Women & Wealth: Creating Your Financial Roadmap
Women as investors are a growing economic force, yet more than 70% of women feel the financial services Industry is not geared towards them. While men and women tend to have similar financial goals, there are unique circumstances that can impact women that they need to plan for. In a recent Jam Session, Kathleen McQuiggan, President of Catalina Leadership LLC, shared her financial roadmap and other steps women can take to gain financial freedom.
We’ve heard the facts: women earn 77 cents to the dollar of men; live an average of six years longer than men; and are more risk averse than men. Men view money as a starting point (for investments), while women see it as an end point (earned for hard work). Women feel less knowledgeable than men when it comes to investing decision-making, but are eager to learn more about investing. So where should we start? The easiest place is to simply be a part of the conversation. Talk to other women more about money because we don't do it enough. Next, follow Kathleen’s roadmap to help you get on the path to financial empowerment:
[Related: The Best Career Advice Women Are Not Getting]
- Get organized. Check your credit score, get your statements together, understand your cash flows, assets and liabilities, and create a budget.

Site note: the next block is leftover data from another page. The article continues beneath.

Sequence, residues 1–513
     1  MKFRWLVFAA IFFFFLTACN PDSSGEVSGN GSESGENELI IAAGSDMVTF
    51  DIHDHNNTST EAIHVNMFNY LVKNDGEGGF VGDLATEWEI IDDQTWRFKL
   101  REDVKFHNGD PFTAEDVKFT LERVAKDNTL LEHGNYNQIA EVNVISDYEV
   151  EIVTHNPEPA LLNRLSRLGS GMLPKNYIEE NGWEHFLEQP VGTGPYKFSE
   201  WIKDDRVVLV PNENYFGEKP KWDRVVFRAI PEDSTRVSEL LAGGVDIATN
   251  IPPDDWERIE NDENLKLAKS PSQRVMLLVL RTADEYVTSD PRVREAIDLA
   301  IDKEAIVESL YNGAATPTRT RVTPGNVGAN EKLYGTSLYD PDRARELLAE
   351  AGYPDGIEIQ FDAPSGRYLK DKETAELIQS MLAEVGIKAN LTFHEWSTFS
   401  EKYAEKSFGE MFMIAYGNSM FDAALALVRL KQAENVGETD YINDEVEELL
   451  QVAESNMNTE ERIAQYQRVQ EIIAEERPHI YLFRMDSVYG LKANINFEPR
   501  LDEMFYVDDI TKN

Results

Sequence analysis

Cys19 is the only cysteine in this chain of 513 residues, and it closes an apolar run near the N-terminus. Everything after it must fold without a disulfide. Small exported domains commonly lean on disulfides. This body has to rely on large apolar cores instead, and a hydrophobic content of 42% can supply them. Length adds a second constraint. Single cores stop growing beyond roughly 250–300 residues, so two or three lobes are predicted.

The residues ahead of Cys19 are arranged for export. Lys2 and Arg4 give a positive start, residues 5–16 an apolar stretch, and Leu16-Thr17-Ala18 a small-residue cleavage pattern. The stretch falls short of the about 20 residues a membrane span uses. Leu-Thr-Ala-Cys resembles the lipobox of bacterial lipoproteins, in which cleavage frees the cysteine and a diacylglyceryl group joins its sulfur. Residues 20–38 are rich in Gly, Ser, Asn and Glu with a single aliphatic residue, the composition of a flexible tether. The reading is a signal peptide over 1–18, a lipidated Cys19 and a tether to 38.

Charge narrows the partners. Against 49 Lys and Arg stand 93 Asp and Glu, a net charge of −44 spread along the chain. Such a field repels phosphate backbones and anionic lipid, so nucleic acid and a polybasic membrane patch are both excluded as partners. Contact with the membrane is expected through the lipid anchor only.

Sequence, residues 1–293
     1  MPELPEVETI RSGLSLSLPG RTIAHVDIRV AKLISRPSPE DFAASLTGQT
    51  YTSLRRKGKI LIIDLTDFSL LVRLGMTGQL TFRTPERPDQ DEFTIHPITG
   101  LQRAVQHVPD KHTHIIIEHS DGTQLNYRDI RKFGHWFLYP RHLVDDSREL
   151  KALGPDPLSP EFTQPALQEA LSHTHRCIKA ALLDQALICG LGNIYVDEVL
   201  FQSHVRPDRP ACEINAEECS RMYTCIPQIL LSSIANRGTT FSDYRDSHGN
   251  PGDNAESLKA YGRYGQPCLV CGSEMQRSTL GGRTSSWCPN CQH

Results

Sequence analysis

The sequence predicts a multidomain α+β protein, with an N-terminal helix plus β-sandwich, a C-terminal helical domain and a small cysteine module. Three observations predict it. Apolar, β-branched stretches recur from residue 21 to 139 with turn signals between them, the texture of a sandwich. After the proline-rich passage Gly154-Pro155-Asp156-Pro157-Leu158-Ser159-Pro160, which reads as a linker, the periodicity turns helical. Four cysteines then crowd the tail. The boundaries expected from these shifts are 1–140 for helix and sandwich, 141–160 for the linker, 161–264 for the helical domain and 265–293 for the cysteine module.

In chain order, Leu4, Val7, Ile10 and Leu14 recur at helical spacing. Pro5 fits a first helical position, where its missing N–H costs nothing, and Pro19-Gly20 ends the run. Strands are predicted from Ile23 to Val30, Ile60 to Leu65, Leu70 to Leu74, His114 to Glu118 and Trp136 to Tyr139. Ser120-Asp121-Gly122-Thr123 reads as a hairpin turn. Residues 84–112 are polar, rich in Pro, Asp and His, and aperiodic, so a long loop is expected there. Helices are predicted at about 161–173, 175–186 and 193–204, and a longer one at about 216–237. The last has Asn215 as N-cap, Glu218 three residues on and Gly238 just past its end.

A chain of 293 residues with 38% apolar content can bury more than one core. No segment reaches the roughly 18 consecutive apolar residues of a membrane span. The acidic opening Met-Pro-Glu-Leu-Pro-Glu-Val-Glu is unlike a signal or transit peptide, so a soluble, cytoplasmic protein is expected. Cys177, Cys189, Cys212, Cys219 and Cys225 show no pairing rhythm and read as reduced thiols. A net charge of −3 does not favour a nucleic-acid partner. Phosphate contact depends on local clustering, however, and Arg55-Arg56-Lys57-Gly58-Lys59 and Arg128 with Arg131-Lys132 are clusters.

- Set financial goals, and write them down. They can big, small, short or long-term.
- Create a financial plan. The National Association of Personal Financial Advisors (NAPFA) has great tools and resources to help you understand financial plans and find a CFP (Certified Financial Planner).
- Find someone to help you invest and figure out the appropriate asset allocation.
- Create an estate plan that includes your will, healthcare power of attorney, living trust, and memorial instructions. Think about ownership of the electronic information you have when you are no longer here.
- Determine your giving strategy. This is not just for people with a lot of money. Many women are reinvesting in themselves, in their communities and in other women. There are plenty of nonprofits looking for help and board members.
- Review and rebalance at least annually. If you work with someone on your assets and financial plan, that person should be reviewing your portfolio with you often.
- Think about retirement, which is often the end goal of your roadmap. Don't forget to consider challenges that could arise, such as increasing healthcare costs and caring for elderly parents.
- Plan for different life stages and transitions. Make sure you have an emergency fund to cover at least six months of living expenses.
Finally, it’s important to understand your beliefs about money. Do you live for the moment or save for tomorrow? Also be mindful of how you manage your day-to-day and long-term expenses. Don’t forget to pay yourself first and embrace your financial power. For more tips and resources, listen to Kathleen’s Jam Session .
By Allison Matejczyk
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